Cecilia Chen, the Residential MBA (RMBA) Program’s first international student, travelled nearly 24 hours to reach the campus of Anderson University. Cecilia, a student from Anyang City, China, has just begun her MBA classes, but has already identified major differences between American university life and Chinese university life.
Cecilia comes from a family of doctors—her mother runs a women’s and children’s hospital, and Cecilia herself has a medical degree in addition to two business-focused degrees. For Cecilia, however, earning an MBA could help her manage family-run medical practices.
As she searched for an MBA Program, Cecilia realized she wanted to study abroad. “My mother’s friend (who I call an aunt) has lived in Indianapolis for almost 10 years,” said Cecilia. “I was looking and praying for schools in New York or Chicago, but my aunt suggested I look in the Midwest because it is so similar to my home.”
After looking at several Midwestern colleges, Cecilia chose Anderson University. “I put myself in a challenging environment,” said Cecilia. “And that’s okay—I like challenges.”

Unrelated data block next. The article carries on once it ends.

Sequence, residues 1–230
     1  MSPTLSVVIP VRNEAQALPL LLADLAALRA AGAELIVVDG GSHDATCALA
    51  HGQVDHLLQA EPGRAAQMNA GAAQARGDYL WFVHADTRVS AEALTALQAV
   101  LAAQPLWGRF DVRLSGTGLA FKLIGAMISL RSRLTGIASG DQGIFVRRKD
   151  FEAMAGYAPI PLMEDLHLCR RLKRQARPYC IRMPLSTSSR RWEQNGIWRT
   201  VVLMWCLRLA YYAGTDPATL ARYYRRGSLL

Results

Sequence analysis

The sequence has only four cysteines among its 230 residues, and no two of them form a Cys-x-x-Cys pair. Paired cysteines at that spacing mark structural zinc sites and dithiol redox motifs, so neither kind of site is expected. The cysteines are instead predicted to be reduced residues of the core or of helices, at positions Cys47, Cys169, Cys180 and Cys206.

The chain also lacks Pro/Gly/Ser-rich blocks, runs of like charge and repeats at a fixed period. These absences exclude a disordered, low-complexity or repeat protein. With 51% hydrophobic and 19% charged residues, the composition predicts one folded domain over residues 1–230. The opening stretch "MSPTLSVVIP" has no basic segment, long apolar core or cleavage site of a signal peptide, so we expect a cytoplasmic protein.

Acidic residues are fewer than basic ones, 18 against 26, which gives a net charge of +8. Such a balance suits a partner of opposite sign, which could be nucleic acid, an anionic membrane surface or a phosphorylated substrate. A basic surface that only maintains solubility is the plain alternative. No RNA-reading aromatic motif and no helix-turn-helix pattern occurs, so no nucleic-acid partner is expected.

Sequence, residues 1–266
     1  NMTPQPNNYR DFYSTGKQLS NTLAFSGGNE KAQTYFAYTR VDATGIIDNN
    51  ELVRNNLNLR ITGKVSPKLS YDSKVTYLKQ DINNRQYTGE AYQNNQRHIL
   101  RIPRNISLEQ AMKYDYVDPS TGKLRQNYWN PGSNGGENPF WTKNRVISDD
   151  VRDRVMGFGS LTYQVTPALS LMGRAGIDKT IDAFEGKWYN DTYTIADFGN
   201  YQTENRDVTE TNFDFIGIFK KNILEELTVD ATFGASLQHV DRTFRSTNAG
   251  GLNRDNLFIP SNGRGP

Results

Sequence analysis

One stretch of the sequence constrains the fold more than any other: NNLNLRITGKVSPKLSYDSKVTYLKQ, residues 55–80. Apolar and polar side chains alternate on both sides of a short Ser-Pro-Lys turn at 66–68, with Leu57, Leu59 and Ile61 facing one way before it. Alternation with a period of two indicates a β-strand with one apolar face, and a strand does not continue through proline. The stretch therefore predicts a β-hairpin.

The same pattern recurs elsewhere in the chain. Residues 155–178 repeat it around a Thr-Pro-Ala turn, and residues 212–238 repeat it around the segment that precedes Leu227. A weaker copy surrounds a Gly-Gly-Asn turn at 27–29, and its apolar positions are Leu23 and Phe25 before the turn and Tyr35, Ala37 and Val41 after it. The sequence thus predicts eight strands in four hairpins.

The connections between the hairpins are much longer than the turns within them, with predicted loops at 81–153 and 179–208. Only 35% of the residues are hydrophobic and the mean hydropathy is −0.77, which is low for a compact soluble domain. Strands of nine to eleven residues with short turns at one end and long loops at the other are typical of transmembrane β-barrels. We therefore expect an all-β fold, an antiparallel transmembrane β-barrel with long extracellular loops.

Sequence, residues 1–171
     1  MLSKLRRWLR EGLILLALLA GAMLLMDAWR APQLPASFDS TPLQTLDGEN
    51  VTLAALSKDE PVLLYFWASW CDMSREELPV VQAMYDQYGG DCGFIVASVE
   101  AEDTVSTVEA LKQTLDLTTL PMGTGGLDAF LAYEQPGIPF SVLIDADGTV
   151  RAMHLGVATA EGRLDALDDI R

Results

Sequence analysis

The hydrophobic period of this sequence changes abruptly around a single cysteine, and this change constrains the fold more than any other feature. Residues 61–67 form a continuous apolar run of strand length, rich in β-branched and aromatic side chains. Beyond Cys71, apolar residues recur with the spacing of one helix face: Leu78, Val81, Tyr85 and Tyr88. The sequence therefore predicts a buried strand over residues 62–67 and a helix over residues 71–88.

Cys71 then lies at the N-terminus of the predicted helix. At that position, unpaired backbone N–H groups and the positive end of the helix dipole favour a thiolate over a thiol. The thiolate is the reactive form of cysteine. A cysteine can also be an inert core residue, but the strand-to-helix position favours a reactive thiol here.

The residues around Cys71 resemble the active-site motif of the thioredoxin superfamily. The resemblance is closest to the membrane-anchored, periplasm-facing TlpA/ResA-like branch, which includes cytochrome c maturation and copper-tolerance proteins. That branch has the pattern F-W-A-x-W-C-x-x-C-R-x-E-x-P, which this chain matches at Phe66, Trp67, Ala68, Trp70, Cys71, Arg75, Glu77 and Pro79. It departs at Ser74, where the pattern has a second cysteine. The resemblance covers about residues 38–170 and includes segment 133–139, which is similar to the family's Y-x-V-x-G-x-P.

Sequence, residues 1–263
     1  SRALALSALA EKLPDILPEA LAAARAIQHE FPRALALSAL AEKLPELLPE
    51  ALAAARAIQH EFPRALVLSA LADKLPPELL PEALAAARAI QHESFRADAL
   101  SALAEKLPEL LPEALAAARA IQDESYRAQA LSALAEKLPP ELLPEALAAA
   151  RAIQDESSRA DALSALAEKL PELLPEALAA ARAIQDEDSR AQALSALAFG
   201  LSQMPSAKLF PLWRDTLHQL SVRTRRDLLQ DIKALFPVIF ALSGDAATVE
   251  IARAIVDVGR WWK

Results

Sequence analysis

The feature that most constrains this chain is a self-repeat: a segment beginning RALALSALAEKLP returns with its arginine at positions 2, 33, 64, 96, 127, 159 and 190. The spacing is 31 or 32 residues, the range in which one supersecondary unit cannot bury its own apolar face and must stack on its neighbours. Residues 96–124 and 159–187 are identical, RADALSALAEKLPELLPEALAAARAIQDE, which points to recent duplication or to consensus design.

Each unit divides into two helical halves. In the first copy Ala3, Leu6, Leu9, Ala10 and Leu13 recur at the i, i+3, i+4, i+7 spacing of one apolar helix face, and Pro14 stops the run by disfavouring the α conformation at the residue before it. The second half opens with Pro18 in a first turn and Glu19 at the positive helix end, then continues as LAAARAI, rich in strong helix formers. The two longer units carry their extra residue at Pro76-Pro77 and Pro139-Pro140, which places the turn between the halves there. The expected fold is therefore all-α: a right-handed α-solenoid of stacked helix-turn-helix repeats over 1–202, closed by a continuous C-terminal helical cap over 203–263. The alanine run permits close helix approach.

Cecilia belongs to a cohort of 19 students, each with their own studio apartment. In China, however, as many as 8 students could live in a dorm, which could be crowded.
Her schedule has also changed dramatically. “In China, we had classes in the morning and then at noon we took a two-hour break,” said Cecilia. “We didn’t cook our own food, so it might take a long time to wait in lines at restaurants to eat lunch. Then we’d head back for afternoon courses.”
In the evening, Cecilia would either stay in her dorm to study or head to laboratories to do work there. For students’ birthdays, Cecilia and her friends might karaoke or go dancing for fun, but as her classes became more intense, the trips became more infrequent. “I have to study every day,” explained Cecilia. “Since I was working on two degrees, I would have double the courses than one-degree students at SIAS International University.”
One of the major differences Cecilia has noticed in the educational process in general is that in her experiences, it was more difficult to enter college than to graduate. “Parents might be involved in their children getting into college, but it wasn’t a tradition for them to come to graduation ceremonies.”
This year, Cecilia’s parents plan to fly out to Anderson to watch her graduate from the RMBA Program.
Because it is common to learn English in Chinese schools, Cecilia has spoken English for years, although she admits to struggling with speaking English. “In big cities, foreigners teach English to students,” said Cecilia, who is from a more rural part of China. “They are so lucky! We had no environment to practice oral English.”
As she begins her co-op and continues taking classes, however, Cecilia’s confidence grows, as well as her appreciation.
“I’m the lucky one,” said Cecilia. “Some people have no chance to go abroad. We live in two worlds.”